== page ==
No, SB 94 was passed to prohibit the charging of advance fees, whether by lawyers or by DRE licensees.  Advance fees… fees charged in advance… not fees charged AFTER contracted services have been delivered.  SB 94 was intended to prevent up front fees, not after work is completed fees.

Why does the state bar not see that simple fact?

Thanks to California’s Attorney General, Kamala Harris, California’s Homeowner Bill of Rights will go into effect as of January 1, 2013, and it specifically says that homeowners may hire lawyers to represent them in the loan modification process.  The bills even provide for a private right of action for certain violations by servicers, which specifically means that homeowners are permitted to sue for damages in these instances.

The state bar says that’s fine, as long as that lawyer isn’t paid until the end of the process, which is when?  No one actually knows for sure.  Would that be when the servicer grants a trial modification?  Or would that be when the servicer reneges on a prior promise to grant a trial modification. Or maybe it’s when a permanent modification is granted, unless of course, that permanent modification is later rescinded?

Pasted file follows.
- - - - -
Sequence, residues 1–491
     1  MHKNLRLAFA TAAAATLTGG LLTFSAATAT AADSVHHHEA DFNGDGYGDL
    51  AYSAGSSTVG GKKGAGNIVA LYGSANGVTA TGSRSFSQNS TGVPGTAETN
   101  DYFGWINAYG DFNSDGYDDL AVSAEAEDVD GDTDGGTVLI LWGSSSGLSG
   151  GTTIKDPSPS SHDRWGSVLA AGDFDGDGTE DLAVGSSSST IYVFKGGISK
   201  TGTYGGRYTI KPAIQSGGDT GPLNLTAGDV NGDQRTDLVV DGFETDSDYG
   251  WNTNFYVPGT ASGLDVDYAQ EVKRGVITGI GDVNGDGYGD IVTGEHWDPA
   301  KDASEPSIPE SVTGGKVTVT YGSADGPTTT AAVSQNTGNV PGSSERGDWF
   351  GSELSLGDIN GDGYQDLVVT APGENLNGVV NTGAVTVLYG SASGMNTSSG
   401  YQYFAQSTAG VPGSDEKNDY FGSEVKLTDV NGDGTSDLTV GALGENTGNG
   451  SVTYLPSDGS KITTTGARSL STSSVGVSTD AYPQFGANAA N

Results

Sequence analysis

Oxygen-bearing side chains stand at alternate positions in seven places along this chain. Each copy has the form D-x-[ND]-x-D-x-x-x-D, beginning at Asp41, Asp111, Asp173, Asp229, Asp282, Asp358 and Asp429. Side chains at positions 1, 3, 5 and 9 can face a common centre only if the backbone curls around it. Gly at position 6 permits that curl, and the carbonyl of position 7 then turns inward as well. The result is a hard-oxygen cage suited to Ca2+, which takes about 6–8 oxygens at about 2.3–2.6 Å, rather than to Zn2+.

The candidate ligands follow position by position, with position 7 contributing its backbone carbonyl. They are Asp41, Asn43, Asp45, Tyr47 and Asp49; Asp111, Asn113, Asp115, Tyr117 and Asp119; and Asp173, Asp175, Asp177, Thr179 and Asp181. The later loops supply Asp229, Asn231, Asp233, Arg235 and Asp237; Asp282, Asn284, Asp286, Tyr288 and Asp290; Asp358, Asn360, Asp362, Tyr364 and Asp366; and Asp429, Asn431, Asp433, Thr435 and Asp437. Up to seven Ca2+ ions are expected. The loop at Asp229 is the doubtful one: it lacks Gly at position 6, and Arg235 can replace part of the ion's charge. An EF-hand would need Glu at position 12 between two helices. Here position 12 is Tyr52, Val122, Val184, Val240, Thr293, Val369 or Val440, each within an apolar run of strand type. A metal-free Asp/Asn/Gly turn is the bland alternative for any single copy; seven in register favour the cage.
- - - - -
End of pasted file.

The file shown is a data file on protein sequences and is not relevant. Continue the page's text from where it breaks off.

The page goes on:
And what about when the trial modification is granted by the servicer who then sells the servicing rights to another servicer who claims to have no knowledge of what the last servicer did or didn’t do related to a loan modification… and the borrower has to start all over again?  Because that happens all the time.  When can a lawyer be paid when that happens?

 

The whole subject has gone from being stupid and unnecessary to entirely idiotic and harmful.  But since I can’t imagine that the state bar is staffed with morons, I can only assume that they either are entirely unqualified to be making such determinations or they are simply corrupt.

 

There have been thousands of California homeowners who have saved their homes by hiring lawyers to help them get their loans modified.  Thousands that I’ve seen personally, but it’s likely that the number is more like tens of thousands.  Most tried it on their own and failed.  They hired a lawyer and succeeded.

Of course, we don’t hear much from them.  They’re at home thankful that the ordeal is over and they didn’t lose their homes to foreclosure.